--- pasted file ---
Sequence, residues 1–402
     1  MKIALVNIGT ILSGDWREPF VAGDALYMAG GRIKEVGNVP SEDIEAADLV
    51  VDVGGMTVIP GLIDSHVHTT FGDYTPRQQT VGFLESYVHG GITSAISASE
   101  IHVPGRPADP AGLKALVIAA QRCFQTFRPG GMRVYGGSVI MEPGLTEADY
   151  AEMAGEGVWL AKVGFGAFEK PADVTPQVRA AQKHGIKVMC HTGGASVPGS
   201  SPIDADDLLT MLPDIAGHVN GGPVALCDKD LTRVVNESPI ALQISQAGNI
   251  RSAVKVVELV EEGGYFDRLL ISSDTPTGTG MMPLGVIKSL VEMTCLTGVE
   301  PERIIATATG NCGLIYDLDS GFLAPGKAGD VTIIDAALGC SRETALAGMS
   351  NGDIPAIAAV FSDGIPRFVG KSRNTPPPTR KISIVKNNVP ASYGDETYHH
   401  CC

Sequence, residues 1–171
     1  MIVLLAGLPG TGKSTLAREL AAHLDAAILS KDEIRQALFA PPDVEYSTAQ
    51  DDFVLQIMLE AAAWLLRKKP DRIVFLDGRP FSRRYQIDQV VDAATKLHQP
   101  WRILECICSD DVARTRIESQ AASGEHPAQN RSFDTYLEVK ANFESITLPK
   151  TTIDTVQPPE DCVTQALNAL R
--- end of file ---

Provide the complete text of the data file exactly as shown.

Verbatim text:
Sequence, residues 1–402
     1  MKIALVNIGT ILSGDWREPF VAGDALYMAG GRIKEVGNVP SEDIEAADLV
    51  VDVGGMTVIP GLIDSHVHTT FGDYTPRQQT VGFLESYVHG GITSAISASE
   101  IHVPGRPADP AGLKALVIAA QRCFQTFRPG GMRVYGGSVI MEPGLTEADY
   151  AEMAGEGVWL AKVGFGAFEK PADVTPQVRA AQKHGIKVMC HTGGASVPGS
   201  SPIDADDLLT MLPDIAGHVN GGPVALCDKD LTRVVNESPI ALQISQAGNI
   251  RSAVKVVELV EEGGYFDRLL ISSDTPTGTG MMPLGVIKSL VEMTCLTGVE
   301  PERIIATATG NCGLIYDLDS GFLAPGKAGD VTIIDAALGC SRETALAGMS
   351  NGDIPAIAAV FSDGIPRFVG KSRNTPPPTR KISIVKNNVP ASYGDETYHH
   401  CC

Sequence, residues 1–171
     1  MIVLLAGLPG TGKSTLAREL AAHLDAAILS KDEIRQALFA PPDVEYSTAQ
    51  DDFVLQIMLE AAAWLLRKKP DRIVFLDGRP FSRRYQIDQV VDAATKLHQP
   101  WRILECICSD DVARTRIESQ AASGEHPAQN RSFDTYLEVK ANFESITLPK
   151  TTIDTVQPPE DCVTQALNAL R